Abandoned/Inactive Mines

For more information contact:

Phyllis Hargrave
406.496.4606 (tel)

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John Metesh
406.496.4159 (tel)

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RochesterTo fulfill their obligations under the Comprehensive Environmental Response, Compensation and Liability Act (CERCLA), the northern region (Region 1) of the U.S. Forest Service (USFS) and the Montana State Office of the Bureau of LandManagement (BLM) desired to identify andcharacterize the abandoned and inactive mines with environmental, health, and/or safety problems that are on or affecting National Forest System lands and BLM lands.The northern region of the USFS administers National Forest System lands in Montana and parts of Idaho and North Dakota while the Montana State Office of the BLM administers BLM land in Montana, North Dakota, and South Dakota. Meanwhile, the Montana Bureau of Mines and Geology (MBMG) collects and distributes information about the geology, mineral resources, and ground water of Montana.

Consequently, the USFS, the BLM, and MBMG determined that an inventory and preliminary characterization of abandoned and inactive mines in Montana would be beneficial to all three agencies, and entered into a series of participating agreements to accomplish this work.

The MBMG objectives also included gathering new information on the economic geology and hydrogeology associated with these abandoned and inactive mines. Enacted by the Legislative Assembly of the State of Montana (Section 75-607, R.C.M., 1947, Amended) the scope and duties of the MBMG include "...the collection, compilation, and publication of information on Montana's geology, mining, milling, and smelting operations, and ground water resources; investigations of Montana geology emphasizing economic mineral resources and ground-water quality and quantity."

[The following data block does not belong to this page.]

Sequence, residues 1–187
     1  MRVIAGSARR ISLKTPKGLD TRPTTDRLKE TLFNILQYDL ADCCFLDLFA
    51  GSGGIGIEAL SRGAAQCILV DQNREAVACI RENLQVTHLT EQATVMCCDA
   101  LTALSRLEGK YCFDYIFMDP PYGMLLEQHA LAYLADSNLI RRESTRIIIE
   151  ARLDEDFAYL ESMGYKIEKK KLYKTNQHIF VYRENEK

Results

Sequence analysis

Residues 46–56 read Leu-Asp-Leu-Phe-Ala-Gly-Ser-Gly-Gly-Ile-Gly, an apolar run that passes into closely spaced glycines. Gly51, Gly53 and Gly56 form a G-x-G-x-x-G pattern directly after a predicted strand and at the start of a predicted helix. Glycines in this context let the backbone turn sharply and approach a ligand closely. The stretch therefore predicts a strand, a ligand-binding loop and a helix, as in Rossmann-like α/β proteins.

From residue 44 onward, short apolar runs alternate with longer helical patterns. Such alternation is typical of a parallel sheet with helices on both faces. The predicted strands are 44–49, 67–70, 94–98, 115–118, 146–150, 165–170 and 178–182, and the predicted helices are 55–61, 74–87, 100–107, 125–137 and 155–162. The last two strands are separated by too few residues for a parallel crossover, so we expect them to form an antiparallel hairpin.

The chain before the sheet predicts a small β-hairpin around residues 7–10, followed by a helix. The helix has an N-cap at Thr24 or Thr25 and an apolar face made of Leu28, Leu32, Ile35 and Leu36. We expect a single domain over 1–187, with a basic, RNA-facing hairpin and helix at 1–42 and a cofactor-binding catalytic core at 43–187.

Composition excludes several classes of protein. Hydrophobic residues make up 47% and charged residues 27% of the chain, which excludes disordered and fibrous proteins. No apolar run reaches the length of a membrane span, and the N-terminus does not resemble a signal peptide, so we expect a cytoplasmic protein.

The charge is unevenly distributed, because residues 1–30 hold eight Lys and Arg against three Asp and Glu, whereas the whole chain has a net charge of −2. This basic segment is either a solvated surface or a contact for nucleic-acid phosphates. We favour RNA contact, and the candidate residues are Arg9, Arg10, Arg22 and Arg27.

Abandoned and Inactive Mines DefinedJardine

For the purposes of this study, mines, mills, or other processing facilities related to mineral extraction and/or processing are defined as abandoned or inactive as follows:

— A mine is considered abandoned if there are no identifiable owners or operators for the facilities, or if the facilities have reverted to federal ownership.

— A mine is considered to be inactive if there is an identifiable owner or operator of the facility, but the facility is not currently operating and there are no approved authorizations or permits to operate.


Project Objectives

BonAccord-GrasshopperIn 1992, the USFS and MBMG entered into the first of these agreements to identify and characterize abandoned and inactive mines on or affecting National Forest System lands in Montana. In 1993, the BLM and MBMG entered into a similar agreement to identify and characterize abandoned and inactive mines on or affecting Bureau of Land Management administered lands in Montana. The objectives of this discovery process were

/ Utilize a formal, systematic program to identify the "Universe" of sites with possible human health, environmental-, and/or safety-related problems that are either on or affecting Federal lands.

Identify the human health and environmental risks at each site based on site-characterization factors, including screening-level soil and water data that have been taken and analyzed in accordance with EPA quality control procedures.

Based on site-characterization factors, including screening-level sample data where appropriate, identify those sites that are not affecting Federal lands, and can be eliminated from further consideration.

Cooperate with other State and Federal agencies, and where possible, integrate the programs.

Develop and maintain a database of site information that will allow the USFS and the BLM to proactively respond to governmental and public interest group concerns.


Description of Database
  • Abandoned-Inactive Mines Database (after you logon to GWIC, click online data link, click Projects from the MENU's list, then choose Abandoned/Inactive Mines from the Project Groups.

The Abandoned-Inactive Mines (AIM) database contains over 8,000 records and includes several data tables that include information on location (latitude/longitude and cadastral), ownership (as determined from 1:24,000-scale maps, GPS, or other sources), office and field screening results, and water/soil sampling (sample-ID, location, and field parameters).

The water- and soil-sample results are stored in the MBMG Ground-Water Information Center (GWIC) database and are related by site-ID. Site-ID numbers for sites obtained from other databases are maintained in the MBMG database; however, all other information obtained from other databases is subject to review and correction.

The initial screening of sites consists of obtaining an accurate location, determining the ownership of the site, assessing the relationship of the site to USFS or BLM land, and assessing the potential enviromental impact of sites on or affecting Federal land. It also concentrated on studying hard-rock mines. A later inventory included placer mines on or affecting BLM land. Additional information will be added to the database as it becomes available.

Curlew mine map